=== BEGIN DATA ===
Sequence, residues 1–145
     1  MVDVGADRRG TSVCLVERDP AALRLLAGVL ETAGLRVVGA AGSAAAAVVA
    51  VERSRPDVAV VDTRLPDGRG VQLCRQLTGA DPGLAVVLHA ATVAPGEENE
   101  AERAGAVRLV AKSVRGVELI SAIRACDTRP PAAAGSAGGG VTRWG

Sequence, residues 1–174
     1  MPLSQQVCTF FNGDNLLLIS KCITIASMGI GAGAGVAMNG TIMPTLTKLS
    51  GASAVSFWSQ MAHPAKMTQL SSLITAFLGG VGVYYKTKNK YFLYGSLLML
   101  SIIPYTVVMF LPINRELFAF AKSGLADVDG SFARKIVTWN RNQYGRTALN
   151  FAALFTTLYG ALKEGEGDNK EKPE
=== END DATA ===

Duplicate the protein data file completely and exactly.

Sequence, residues 1–145
     1  MVDVGADRRG TSVCLVERDP AALRLLAGVL ETAGLRVVGA AGSAAAAVVA
    51  VERSRPDVAV VDTRLPDGRG VQLCRQLTGA DPGLAVVLHA ATVAPGEENE
   101  AERAGAVRLV AKSVRGVELI SAIRACDTRP PAAAGSAGGG VTRWG

Sequence, residues 1–174
     1  MPLSQQVCTF FNGDNLLLIS KCITIASMGI GAGAGVAMNG TIMPTLTKLS
    51  GASAVSFWSQ MAHPAKMTQL SSLITAFLGG VGVYYKTKNK YFLYGSLLML
   101  SIIPYTVVMF LPINRELFAF AKSGLADVDG SFARKIVTWN RNQYGRTALN
   151  FAALFTTLYG ALKEGEGDNK EKPE